Dohány street synagogue

And of course, one of the most popular attractions in Budapest are the thermal baths. The baths are definitely worth going to for a relaxing morning or afternoon, but if you’re a woman or with a woman, be sure to choose one that is coed as several are for men only during the week. In this day and age I find that ridiculous, even if the intent is to keep with the historical Turkish tradition, and as an American woman I don’t like being told I can’t do something because I’m a woman. So I chose the Széchenyi Baths which are coed seven days a week. Gellert baths are also popular and coed all of the time. Rudas baths were highly recommended by my Airbnb host, but are men-only during the week. Most baths open at 6 AM, and if you go early, you’ll enjoy a more relaxing visit with the older Hungarians of the city. A few hours later you’ll be joined by the crowds.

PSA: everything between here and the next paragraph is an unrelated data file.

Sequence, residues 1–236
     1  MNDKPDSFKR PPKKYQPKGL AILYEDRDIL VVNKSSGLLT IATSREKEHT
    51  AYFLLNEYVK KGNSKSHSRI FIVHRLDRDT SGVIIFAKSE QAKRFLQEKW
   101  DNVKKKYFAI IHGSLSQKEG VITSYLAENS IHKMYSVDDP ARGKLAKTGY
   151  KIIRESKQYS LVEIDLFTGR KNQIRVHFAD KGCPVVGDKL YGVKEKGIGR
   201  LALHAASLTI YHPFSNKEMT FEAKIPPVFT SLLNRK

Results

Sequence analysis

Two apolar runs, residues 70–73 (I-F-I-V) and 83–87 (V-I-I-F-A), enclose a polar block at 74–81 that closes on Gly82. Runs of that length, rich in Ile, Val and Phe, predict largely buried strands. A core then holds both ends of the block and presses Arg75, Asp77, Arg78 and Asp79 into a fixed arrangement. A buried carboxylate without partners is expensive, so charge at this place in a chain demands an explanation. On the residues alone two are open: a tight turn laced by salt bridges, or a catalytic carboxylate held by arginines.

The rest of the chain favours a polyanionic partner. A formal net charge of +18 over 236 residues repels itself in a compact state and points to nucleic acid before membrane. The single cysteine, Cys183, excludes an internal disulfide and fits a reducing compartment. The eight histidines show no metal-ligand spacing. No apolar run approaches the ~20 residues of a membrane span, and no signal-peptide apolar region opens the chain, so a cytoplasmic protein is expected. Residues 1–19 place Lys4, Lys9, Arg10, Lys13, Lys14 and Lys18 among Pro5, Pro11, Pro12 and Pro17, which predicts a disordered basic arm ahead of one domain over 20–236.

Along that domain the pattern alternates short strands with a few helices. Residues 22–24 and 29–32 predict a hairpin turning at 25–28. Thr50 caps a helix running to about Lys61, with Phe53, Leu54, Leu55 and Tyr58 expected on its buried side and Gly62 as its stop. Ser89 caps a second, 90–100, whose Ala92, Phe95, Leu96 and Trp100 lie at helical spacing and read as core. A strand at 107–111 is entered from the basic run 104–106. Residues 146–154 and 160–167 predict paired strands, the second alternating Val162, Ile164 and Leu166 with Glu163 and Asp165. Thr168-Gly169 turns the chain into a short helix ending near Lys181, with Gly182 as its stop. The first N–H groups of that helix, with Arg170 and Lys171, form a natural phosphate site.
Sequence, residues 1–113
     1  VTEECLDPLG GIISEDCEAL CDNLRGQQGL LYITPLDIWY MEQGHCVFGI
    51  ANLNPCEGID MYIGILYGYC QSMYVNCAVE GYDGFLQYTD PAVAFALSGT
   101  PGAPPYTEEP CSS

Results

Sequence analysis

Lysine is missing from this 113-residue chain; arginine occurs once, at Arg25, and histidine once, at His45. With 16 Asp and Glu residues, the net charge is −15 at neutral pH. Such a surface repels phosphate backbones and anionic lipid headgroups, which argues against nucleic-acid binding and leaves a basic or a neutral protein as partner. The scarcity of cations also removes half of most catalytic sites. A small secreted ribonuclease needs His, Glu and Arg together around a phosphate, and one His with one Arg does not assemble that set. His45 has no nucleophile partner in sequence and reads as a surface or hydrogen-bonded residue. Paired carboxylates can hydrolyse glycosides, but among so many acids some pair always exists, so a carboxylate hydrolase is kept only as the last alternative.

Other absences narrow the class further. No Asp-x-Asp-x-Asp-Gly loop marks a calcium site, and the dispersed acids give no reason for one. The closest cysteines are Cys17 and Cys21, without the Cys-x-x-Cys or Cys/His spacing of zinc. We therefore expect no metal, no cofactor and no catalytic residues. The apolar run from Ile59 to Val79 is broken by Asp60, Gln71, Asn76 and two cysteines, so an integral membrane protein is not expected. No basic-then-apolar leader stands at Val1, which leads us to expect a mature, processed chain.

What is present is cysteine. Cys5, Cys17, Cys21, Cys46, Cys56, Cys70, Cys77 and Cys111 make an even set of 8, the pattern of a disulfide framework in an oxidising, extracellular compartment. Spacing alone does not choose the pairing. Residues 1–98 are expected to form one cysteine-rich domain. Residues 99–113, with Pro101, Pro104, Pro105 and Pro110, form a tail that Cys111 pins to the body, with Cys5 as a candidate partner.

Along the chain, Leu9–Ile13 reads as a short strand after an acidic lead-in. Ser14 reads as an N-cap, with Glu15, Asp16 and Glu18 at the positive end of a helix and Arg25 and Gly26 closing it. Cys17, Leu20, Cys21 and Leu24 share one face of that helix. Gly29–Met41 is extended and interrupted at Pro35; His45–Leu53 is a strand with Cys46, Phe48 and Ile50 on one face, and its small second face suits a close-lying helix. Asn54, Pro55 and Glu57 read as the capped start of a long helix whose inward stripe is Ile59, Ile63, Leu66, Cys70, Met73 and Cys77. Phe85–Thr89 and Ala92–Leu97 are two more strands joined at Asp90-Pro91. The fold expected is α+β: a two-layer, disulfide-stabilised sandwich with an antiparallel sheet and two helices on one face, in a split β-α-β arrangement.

Széchenyi Baths

Along with the thermal baths, the ruins pubs are a big attraction in Budapest. I had heard a lot about them, but not being much of a drinker or partier (those that were with me at New Year’s, shut up), I wasn’t all that interested. But it turns out you can hardly avoid them – the pioneer ruins pub Szimpla Kert is on the route of the walking tours. And there are numerous pub tours now offered. I saw these clubs as an interesting way to reuse stuff, probably a crazy fun way to party and dance all night for the younger crowd, and a bit of a fire hazard? I’m old, I know. I’m not the target for ruins pubs.

Szimpla Kert, ruin pub
Szimpla Kert, ruin pub
Chicken Paprikash